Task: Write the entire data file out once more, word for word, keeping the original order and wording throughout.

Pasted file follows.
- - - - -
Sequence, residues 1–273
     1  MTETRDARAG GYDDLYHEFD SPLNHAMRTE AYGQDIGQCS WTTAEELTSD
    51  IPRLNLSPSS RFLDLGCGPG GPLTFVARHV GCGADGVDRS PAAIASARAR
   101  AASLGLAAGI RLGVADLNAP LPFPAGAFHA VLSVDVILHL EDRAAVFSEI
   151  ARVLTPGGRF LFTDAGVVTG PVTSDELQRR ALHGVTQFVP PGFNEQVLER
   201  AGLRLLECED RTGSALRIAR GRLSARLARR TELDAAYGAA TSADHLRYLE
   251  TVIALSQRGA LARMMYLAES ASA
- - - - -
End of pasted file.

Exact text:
Sequence, residues 1–273
     1  MTETRDARAG GYDDLYHEFD SPLNHAMRTE AYGQDIGQCS WTTAEELTSD
    51  IPRLNLSPSS RFLDLGCGPG GPLTFVARHV GCGADGVDRS PAAIASARAR
   101  AASLGLAAGI RLGVADLNAP LPFPAGAFHA VLSVDVILHL EDRAAVFSEI
   151  ARVLTPGGRF LFTDAGVVTG PVTSDELQRR ALHGVTQFVP PGFNEQVLER
   201  AGLRLLECED RTGSALRIAR GRLSARLARR TELDAAYGAA TSADHLRYLE
   251  TVIALSQRGA LARMMYLAES ASA